The present study examined the comorbidity between alcohol and/or substance use and major psychiatric diagnosis, specifically bipolar disorder, unipolar depression and psychotic disorder- in a large multi-center sample of homeless people from across Canada. The primary finding is that substance dependence is associated with significantly greater odds of being diagnosed with bipolar disorder (and to a lesser extent unipolar depression) as opposed to psychotic disorder, and that comorbidity varies by educational level, city and ethnicity. Moreover, individuals of Aboriginal descent were more likely to be diagnosed with ASD, and ASD homeless were also likely to be younger, less well-educated, and born in the Americas.
Gender, living status, and employment status did not show an association with ASD, raising the question of the role of housing and employment opportunities in mediating ASD given that gender is critical in psychopathology, traumatic experience and substance abuse (32). Although there is some evidence that gender might influence the choice of substances of abuse (33), the present study found no differences in ASD which may be explained by the high prevalence of poly substance abuse among the homeless regardless of gender (34).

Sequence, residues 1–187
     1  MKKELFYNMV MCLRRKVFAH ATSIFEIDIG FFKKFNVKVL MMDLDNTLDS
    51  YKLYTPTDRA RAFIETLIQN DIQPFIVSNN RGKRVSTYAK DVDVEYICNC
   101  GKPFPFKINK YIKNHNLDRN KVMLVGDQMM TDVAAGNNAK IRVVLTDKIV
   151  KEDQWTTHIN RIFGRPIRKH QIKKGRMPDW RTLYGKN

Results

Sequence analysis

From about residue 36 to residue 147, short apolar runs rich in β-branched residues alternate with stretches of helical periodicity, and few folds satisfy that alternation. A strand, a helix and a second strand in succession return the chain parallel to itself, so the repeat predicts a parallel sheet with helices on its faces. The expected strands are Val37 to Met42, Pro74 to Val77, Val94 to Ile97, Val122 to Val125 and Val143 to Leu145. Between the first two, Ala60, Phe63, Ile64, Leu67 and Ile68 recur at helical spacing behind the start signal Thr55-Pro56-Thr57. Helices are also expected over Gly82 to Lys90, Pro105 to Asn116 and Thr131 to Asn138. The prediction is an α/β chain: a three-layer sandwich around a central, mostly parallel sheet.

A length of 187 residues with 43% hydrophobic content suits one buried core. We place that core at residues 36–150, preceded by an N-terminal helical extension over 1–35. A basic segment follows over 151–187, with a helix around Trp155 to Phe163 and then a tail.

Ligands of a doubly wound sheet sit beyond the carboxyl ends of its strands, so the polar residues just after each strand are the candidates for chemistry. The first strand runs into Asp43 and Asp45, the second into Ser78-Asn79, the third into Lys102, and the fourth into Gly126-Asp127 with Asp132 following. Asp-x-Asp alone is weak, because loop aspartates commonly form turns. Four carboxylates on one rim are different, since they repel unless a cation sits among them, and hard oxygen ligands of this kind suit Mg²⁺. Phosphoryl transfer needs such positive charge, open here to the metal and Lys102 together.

Ethnicity is a complex concept that takes into account not just inherited characteristics, but also other aspects such as religion, language, customs, history and the political establishment that influence the organization of medical services (35). The present study found that the odds of being affected by ASD were associated with Aboriginal ethnicity. These results are not surprising and are entirely consistent with studies of Aboriginal peoples living in urban communities (36, 37). Indeed, tobacco, illicit and prescription drug use disorders are 2–4 times more prevalent among Aboriginal peoples in North America than in the general population (38, 39). Ethnicity seems to play a role in the rate of substance use overall (40, 41) and of alcohol use in adolescents and young adults (42).
Of particular interest is the finding of significant regional differences. In general, the odds of homeless having ASD were lower in Central and Eastern Canada (Toronto, Montreal, Monckton) than in Western Canada (Winnipeg and Vancouver). These findings show that homeless populations vary meaningfully between cities, limiting the generalizability of findings across different homeless populations. Several local factors may have contributed to our results and should be investigated further (e.g., population rate, work possibilities, social programs, and health promotions, and data collection bias).